Data Structures
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Data Structures

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Data Structures




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Presentation on theme: "Data Structures"— Presentation transcript:

Slide1

Data Structures

Uri ZwickJanuary 2014

Hashing

Slide2

2

Dictionaries

D  Dictionary() – Create an empty dictionaryInsert(D,x) – Insert item x into DFind(D,k) – Find an item with key k in DDelete(D,k) – Delete item with key k from D

Can use balanced search trees O(log n) time per operation

(Predecessors and successors, etc., not supported)

Can we do better?

YES !!!

Slide3

3

Dictionaries with “small keys”

Suppose all keys are in [m] = {0,1,…,m−1}, where m = O(n)

Can implement a dictionary using an array D of length m.

(Assume different items have different keys.)

O(1)

time per operation (after initialization)

What if m>>n ?

Use a hash function

0

1

m

-1

Special case:

Sets

D

is a

bit vector

Direct addressing

Slide4

Hashing

Huge

universe U

Hash table

0

1

m

-1

Hash function

h

Collisions

Slide5

Hashing with chaining [Luhn (1953)] [Dumey (1956)]

Each cell points to a linked list of items

0

1

m

-1

i

Slide6

Hashing with chainingwith a random hash function

Balls in Bins

Throw

n

balls randomly into

m

bins

Slide7

Balls in Bins

Throw n balls randomly into m bins

All throws are uniform and independent

Slide8

Balls in Bins

Throw n balls randomly into m bins

Expected number of balls in each bin is n/m

When

n

=

(

m

)

, with probability of

at least

1

1

/n

,

all bins

contain

at most

O(log

n

/(log

log

n

))

balls

Slide9

What makes a hash function good?

Behaves

like a

“random function”

Has a

succinct

representation

Easy

to compute

A single hash function

cannot

satisfy the first condition

Slide10

Families of hash functions

We cannot choose a “truly random” hash function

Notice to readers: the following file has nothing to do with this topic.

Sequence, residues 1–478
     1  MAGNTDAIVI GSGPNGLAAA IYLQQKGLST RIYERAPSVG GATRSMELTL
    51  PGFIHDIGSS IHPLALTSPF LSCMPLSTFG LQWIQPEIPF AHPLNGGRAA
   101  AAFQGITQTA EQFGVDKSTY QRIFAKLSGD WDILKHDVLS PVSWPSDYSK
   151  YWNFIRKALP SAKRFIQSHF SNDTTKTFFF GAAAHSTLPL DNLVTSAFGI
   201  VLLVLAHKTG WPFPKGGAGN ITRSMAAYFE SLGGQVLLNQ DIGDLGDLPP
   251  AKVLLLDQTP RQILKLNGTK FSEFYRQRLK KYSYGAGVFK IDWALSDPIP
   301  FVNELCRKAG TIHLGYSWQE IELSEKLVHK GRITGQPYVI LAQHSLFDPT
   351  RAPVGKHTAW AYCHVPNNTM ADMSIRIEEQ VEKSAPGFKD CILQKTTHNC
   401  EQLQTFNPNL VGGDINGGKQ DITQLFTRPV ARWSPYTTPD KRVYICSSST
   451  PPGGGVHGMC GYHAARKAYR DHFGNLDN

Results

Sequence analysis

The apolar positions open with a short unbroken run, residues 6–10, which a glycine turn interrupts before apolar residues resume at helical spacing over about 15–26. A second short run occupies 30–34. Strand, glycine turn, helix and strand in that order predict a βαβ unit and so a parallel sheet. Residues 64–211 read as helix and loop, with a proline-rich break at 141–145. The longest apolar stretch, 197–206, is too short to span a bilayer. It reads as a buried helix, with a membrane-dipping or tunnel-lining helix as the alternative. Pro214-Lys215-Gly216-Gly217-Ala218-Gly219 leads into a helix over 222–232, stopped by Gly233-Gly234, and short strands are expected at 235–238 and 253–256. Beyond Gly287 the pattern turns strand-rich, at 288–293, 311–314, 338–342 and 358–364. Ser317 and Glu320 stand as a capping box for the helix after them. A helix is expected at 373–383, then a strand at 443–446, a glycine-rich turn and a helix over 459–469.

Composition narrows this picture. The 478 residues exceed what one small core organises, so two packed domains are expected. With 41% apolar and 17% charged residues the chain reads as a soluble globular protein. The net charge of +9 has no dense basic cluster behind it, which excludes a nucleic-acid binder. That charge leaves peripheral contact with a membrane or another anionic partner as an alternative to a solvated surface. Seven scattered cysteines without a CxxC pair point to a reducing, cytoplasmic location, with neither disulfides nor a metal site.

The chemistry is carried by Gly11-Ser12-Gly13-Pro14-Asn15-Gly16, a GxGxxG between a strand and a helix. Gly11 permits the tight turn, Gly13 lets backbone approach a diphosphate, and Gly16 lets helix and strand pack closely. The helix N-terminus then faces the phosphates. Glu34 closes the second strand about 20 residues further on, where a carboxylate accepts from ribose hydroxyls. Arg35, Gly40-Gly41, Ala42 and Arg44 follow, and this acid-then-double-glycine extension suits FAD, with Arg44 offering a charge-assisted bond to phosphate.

Compromise:Choose a random hash function h from a carefully chosen family H of hash functions

Each function h from H should have a succinct representation and should be easy to compute

Goal:For every sequence of operations, the running time of the data structure, when a random hash function h from H is chosen, is expected to be small

Using a

fixed

hash function is usually not a good idea

Slide11

Modular hash functions [Carter-Wegman (1979)]

p

– prime number

Form a

“Universal Family”

(see below)

Require (slow) divisions

Slide12

Multiplicative hash functions [Dietzfelbinger-Hagerup-Katajainen-Penttonen (1997)]

Extremely fast in practice!

Form an

“almost-universal”

family (see below)

Slide13

Tabulation based hash functions

[

Patrascu-Thorup (2012)]

+

A variant can also be used to hash strings

h

i

can be stored

in a small table

“byte”

Very efficient in practice

Very good theoretical properties

Slide14

Universal families of hash functions [Carter-Wegman (1979)]

A family H of hash functions from U to [m] is said to be universal if and only if

A family

H of hash functions from U to [m] is said to be almost universal if and only if

Slide15

k-independent families of hash functions

A family H of hash functions from U to [m] is said to be k-independent if and only if

A family

H of hash functions from U to [m] is said to be almost k-independent if and only if

Slide16

A simple universal family[Carter-Wegman (1979)]

To represent a function from the family we only need two numbers, a and b.

The size m of the hash table can be arbitrary.

Slide17

A simple universal family[Carter-Wegman (1979)]

Slide18

Probabilistic analysis of chaining

n – number of elements in dictionary D

m – size of hash table

Assume that h is randomly chosen from a universal family H

ExpectedWorst-caseSuccessful SearchDeleteUnsuccessful Search(Verified) Insert

=n/

m

– load

factor

Slide19

Chaining: pros and cons

Pros:Simple to implement (and analyze)Constant time per operation (O(1+))Fairly insensitive to table sizeSimple hash functions suffice

Cons:

Space

wasted on pointers

Dynamic allocations required

Many cache misses

Slide20

Hashing with open addressing

Hashing without pointers

Insert key k in the first free position among